On a basic level, the idea behind Web3 is to add the world wide web as we know it, and add blockchain (the technology behind cryptocurrencies such as Bitcoin) to everything.
The web was once considered a utopia, where anyone can do anything, but supporters of Web3 say that it is now controlled by large companies and proprietary algorithms. Blockchain allows people to have fair ownership of their existence on the Internet. Niels Ten Oever of the University of Amsterdam said: "Web3 is a way to deal with the trauma of losing the great future that the Internet was once possible."
In 1989, Tim Berners-Lee launched the first network, the worldwide web, which allowed people with technical knowledge to put information online in a decentralized manner. Web 2.0 was first mentioned in a magazine article in 1999. It witnessed the development of easy-to-use tools that allowed anyone to create content online, not just experts, but at the cost of focusing on the technology we have today Giants such as Facebook and Google.
At the core of Web3 are distributed applications (or dapps) built using the Ethereum blockchain, which pays users to help keep the network online.
Zoe Scaman, founder of London-based strategy studio Bodacious and supporter of Web3, said that Dapps will play a role in Web3 similar to that of the App Store in unlocking the potential of the iPhone. Scarman said: "We need to eliminate friction and create a wide range of use cases. This will happen when more third-party developers start to release more blockchain-based dapps."
Among the current top five dapps, the most popular is the dapp that allows people to exchange cryptocurrencies, and the other is the dapp that trades non-fungible tokens (NFTs). The other three are games, similar to the early breakthrough successes achieved on the App Store, but with one key difference: You can get paid in cryptocurrency by playing these games.
Supporters say this is a bold new future that aims to seize control from large technology platforms and transfer power to ordinary citizens: this is a decentralized Internet, where the power of individuals exceeds that of individual companies. . The same concept also appeared behind the failed acquisition of copies of the U.S. Constitution last month.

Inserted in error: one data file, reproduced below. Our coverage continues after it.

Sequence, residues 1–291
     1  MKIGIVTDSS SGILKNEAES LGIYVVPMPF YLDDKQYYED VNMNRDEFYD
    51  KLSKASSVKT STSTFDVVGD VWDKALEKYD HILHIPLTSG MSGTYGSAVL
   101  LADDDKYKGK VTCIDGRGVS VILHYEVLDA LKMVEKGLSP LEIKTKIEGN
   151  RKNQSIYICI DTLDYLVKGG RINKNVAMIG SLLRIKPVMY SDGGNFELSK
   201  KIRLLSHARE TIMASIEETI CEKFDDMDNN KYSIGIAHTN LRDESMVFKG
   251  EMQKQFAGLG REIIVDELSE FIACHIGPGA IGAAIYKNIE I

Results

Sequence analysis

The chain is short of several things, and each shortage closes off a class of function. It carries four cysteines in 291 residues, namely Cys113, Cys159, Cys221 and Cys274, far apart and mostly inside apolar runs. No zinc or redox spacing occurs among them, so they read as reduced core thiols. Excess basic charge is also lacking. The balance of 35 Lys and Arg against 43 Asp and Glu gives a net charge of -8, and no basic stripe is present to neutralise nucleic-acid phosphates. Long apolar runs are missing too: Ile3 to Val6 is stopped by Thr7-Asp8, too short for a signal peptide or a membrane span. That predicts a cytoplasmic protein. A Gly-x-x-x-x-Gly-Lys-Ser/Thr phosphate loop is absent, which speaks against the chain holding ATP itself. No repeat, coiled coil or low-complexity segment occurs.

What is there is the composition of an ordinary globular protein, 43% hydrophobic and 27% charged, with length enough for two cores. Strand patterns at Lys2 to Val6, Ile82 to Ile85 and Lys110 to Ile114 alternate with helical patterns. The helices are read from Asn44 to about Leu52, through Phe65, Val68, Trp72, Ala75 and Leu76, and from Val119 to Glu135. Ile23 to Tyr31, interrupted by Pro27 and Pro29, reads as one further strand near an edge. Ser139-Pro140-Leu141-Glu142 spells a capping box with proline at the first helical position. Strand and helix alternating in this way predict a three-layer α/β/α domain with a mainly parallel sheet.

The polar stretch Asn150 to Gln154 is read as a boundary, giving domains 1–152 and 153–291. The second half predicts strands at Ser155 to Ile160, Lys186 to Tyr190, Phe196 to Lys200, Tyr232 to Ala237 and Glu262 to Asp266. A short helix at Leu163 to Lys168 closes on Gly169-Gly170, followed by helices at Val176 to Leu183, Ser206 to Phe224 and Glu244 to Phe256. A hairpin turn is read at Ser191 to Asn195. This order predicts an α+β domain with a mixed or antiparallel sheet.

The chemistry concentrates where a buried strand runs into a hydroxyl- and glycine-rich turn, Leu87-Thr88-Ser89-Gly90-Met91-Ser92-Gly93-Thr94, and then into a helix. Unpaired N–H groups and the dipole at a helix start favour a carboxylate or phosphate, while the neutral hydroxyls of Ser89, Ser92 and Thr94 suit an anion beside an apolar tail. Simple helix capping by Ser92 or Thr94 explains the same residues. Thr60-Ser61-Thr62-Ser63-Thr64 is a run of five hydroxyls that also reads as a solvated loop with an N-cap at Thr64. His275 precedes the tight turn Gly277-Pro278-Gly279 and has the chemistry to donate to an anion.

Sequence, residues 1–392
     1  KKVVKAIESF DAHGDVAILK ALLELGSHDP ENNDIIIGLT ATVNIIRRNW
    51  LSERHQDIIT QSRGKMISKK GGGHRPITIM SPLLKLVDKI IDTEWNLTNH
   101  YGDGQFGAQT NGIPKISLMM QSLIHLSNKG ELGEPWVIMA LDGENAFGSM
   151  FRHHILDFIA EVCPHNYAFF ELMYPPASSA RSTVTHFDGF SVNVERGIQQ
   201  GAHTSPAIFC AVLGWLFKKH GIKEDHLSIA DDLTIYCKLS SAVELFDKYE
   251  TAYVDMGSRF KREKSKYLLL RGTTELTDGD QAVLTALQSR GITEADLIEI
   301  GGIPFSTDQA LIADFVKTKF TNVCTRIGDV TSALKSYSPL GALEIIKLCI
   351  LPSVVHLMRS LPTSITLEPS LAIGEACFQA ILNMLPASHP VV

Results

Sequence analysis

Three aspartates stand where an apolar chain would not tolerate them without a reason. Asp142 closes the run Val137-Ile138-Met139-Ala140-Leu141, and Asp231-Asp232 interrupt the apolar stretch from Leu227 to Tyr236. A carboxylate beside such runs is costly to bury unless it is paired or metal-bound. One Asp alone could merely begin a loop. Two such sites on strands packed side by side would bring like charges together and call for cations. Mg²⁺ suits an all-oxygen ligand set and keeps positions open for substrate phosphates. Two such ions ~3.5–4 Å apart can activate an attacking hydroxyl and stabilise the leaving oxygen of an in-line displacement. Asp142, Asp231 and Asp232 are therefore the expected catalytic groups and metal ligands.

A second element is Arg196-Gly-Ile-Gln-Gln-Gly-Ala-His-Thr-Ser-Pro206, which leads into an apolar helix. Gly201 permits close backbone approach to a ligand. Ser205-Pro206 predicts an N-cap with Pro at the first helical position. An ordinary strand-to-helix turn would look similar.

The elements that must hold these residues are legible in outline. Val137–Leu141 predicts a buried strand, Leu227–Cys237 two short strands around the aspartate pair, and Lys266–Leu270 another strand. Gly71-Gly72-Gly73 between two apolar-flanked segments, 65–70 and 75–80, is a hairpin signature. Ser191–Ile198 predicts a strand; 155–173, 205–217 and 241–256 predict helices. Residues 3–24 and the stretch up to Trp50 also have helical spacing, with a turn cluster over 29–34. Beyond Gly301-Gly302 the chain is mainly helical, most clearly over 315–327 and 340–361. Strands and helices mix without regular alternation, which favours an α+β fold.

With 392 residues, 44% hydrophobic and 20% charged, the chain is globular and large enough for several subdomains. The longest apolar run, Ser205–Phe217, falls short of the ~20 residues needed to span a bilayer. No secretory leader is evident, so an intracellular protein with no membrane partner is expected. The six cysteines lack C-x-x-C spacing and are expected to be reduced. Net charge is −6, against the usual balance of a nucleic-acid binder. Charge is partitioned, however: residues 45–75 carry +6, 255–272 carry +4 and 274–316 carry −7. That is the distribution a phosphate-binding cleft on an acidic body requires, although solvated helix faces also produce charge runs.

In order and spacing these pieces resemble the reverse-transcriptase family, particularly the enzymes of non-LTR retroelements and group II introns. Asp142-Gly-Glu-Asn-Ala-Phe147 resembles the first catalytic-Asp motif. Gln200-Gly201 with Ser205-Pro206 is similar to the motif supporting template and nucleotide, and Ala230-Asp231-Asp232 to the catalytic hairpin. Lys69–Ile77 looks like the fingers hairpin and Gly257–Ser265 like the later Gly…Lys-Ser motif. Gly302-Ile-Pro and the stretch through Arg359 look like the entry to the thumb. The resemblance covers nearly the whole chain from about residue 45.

Some people are skeptical of the utopia of Web3. Ten over said: "Web3 introduces resistance, but does not solve any real problems. Skeptics believe that many of the propositions behind Web3-such as distributed architecture and decentralization-can also be used without a blockchain. Better to achieve.
"If you build a distributed architecture on a centralized infrastructure, you won't suddenly decentralize the infrastructure," Ten over said. Although the network infrastructure is nominally decentralized, in fact, most of the Internet runs on servers hosted by a few companies (such as Amazon)-he said that the same situation also happens on Web3 because people run by a few Dapps hosted by the provider.
The promise of Web3 has yet to be resolved, and the term has been tightly grasped by those who want to make quick money. Even its supporters, like Scaman, have warned of scams and pump-and-dump schemes related to this term. "There are always people who want to make money," she said, "but there are also very talented people who create amazing things."
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